Staking is commonplace in poker

I have been in the poker industry for a long time now, but I have never been what one would call a “serious” poker player. When I did play online, I was a casual, micro-to-low stakes player and the most expensive live tournament I ever entered was for a $100 buy-in. As such, I have never been involved in any sort of staking arrangement. I am well-versed enough in the intricacies of staking from my time in the poker world, but a situation that arose last week is certainly something I have never seen, nor it seems, had long-time poker pro and partypoker ambassador Patrick Leonard, who was called upon to adjudicate the issue.

For those not in the know, here’s a very brief rundown of staking, without getting too deep into the weeds. Someone who is a good player (usually tournaments, but it happens in cash games, as well) might want to play a lot but doesn’t have the deep pockets for all the buy-ins. A staker (or backer) will put up some or all of the player’s buy-ins in exchange for a cut of the profits should the player cash.

If the backing relationship is long-term, the player may have to “make up” any losses to the backer before reaping the profits from a later tournament win. That is, if the player failed to cash in several tournaments in row, losing $40,000 in buy-ins and then cashes for $50,000 in a tourney, he might have to repay $40,000 first before taking his profit share.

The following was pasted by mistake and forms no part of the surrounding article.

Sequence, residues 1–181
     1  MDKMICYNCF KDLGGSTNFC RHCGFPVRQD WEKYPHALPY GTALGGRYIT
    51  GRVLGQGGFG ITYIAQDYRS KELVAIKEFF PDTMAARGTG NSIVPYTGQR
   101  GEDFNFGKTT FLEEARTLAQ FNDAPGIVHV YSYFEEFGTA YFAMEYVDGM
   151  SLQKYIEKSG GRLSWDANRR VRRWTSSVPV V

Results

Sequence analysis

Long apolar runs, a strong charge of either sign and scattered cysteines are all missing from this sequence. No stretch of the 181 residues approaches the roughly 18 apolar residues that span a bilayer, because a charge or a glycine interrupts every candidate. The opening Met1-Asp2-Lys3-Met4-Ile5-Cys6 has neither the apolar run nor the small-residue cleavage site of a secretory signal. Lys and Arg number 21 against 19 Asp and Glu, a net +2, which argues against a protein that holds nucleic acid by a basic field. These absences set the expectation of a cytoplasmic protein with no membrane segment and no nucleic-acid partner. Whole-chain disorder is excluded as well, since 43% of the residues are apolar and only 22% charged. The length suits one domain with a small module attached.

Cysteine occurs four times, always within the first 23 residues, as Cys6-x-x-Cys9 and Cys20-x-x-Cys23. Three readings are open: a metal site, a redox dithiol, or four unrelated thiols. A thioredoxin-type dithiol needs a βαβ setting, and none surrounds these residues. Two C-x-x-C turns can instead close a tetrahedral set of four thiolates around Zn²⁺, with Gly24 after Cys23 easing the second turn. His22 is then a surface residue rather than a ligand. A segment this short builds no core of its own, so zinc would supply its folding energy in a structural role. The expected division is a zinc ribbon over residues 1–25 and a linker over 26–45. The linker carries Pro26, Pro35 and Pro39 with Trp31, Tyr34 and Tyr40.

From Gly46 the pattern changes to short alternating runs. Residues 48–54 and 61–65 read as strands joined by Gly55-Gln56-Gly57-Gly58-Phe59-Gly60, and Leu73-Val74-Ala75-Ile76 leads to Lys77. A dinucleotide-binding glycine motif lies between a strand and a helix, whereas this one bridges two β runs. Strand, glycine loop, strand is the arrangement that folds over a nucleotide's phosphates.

This is more to it and there are loads of variations, but those are the basics.

Player was “gifted” back the buy-in

So back to Patrick Leonard. Last week, Leonard tweeted an unusual scenario that actually happened recently. It was so odd that he was asked to arbitrate, to make the decision on what should happen. Apparently, a staked player busted out of a $10,000 buy-in tournament before the money, but during the next break, the person who eliminated him tracked him down, apologized for knocking him out, and gave him $10,000. The question is: should the player get to keep the money or should he give some or all of it to his backer?

The argument for giving it to his backer is obviously that if he wasn’t staked, he wouldn’t be in the tournament, and thus wouldn’t have been in the position to be given $10,000. By keeping the money, he basically just profited $10,000 after losing his backer’s $10,000 buy-in.

On the flip side, one might consider the $10,000 a “gift” from one person to another and since it was given outside of the play and structure of the tournament, the player should get to keep it. Aside from the timing and location, one might argue, it is no different than if he was given that same $10,000 two days later at home.

In the end, Patrick Leonard, said that he thought the ethical/goodwill gesture thing to do would be to at least split it with the backer, but he was not there to come up with a middle ground. So, forced to choose one person or the other, Leonard decided the player got to keep the money as “I don’t think backer is actually bound by anything to receive $ if not offered by stake.”

Basically, the gift was not actually part of his tournament play, so the player had no obligation to give any of it to the backer. Interesting, huh?

One Comment

  1. JJ says:

    I completely agree with this ruling and the logic behind it.

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